Thomas wrote: joefromchicago wrote:
Meanwhile, I eagerly await Thomas's renewed assault against Wickard v. Filburn.
So far, I don't appear to be having much opposition, and it isn't my style to preach to the converted. Maybe Debra will visit to agree with the ruling, but I'm pessimistic.
The problem, as I see it, is not with Wickard
, it's with the commerce clause. "Commerce" is a rather elastic concept. If it simply means "trade," then I would agree that Wickard
should have been decided differently. But then the constitution doesn't say "interstate trade," it says "interstate commerce." And "commerce," I would argue, has a broader meaning than merely "trade."
I think the supreme court in Wickard
was correct in noting that purely local "commerce" can have interstate effects, and that congress's ability to regulate interstate commerce would be severely compromised if it could not reach such local activities. Roscoe Filburn argued that the extra 239 bushels of wheat that he produced on his farm went to feeding his family and his livestock, and thus would never have entered the market anyway. What he failed to note, however, was that those 239 bushels of wheat represented 239 bushels that he did not
purchase in the market; multiplied many times over, the depressive effect on the interstate
commerce in wheat would have been just as severe as if the wheat had been sold on the open market.
Imagine if the court had ruled otherwise in Wickard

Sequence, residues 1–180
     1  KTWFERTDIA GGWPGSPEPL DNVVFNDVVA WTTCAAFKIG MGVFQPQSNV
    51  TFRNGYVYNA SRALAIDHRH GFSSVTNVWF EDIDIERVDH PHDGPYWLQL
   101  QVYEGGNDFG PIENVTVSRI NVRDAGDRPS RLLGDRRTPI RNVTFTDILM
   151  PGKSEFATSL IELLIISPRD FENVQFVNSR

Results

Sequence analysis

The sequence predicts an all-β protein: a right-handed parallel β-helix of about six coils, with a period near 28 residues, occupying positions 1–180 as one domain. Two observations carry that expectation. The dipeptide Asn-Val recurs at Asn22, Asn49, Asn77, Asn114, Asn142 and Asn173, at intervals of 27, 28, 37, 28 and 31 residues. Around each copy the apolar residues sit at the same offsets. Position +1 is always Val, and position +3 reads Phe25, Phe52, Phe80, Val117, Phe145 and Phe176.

. Congress exercises its power to regulate interstate commerce in wheat, but it has no power to regulate local activities like Roscoe Filburn's production of wheat in excess of his quota as long as the excess is used intrastate. Since wheat is fungible, and the wheat under the quota is indistinguishable from the wheat exceeding the quota, all the other Filburns in the state would do likewise. The market would then be flooded with wheat in excess of the combined state quota, since every farmer would sell quota wheat and consume excess wheat, rather than being both a seller and consumer of quota wheat. In other words, farmers would no longer compete with other wheat purchasers in the market; the resulting decline in demand would depress prices, which would, in turn, undermine the national quota system.
Now, for the diehard libertarian, this is an excellent result. I don't plan to argue in favor of price controls or quotas on commodities, but I do think that the result that I've outlined above is inconsistent with the notion of a single, uniform interstate market envisioned by the authors of the constitution. As such, congress must have some ability to regulate local commercial activities that have a significant impact on interstate commerce; otherwise, its power is, in large part, purely illusory.
The surprising thing about Raich
, as one commentator has noted
, is not that the supreme court upheld Wickard
, it's that Rehnquist and O'Connor, who have supported Wickard
in the past, now believe that congress has less authority to regulate marijuana than it has to regulate wheat.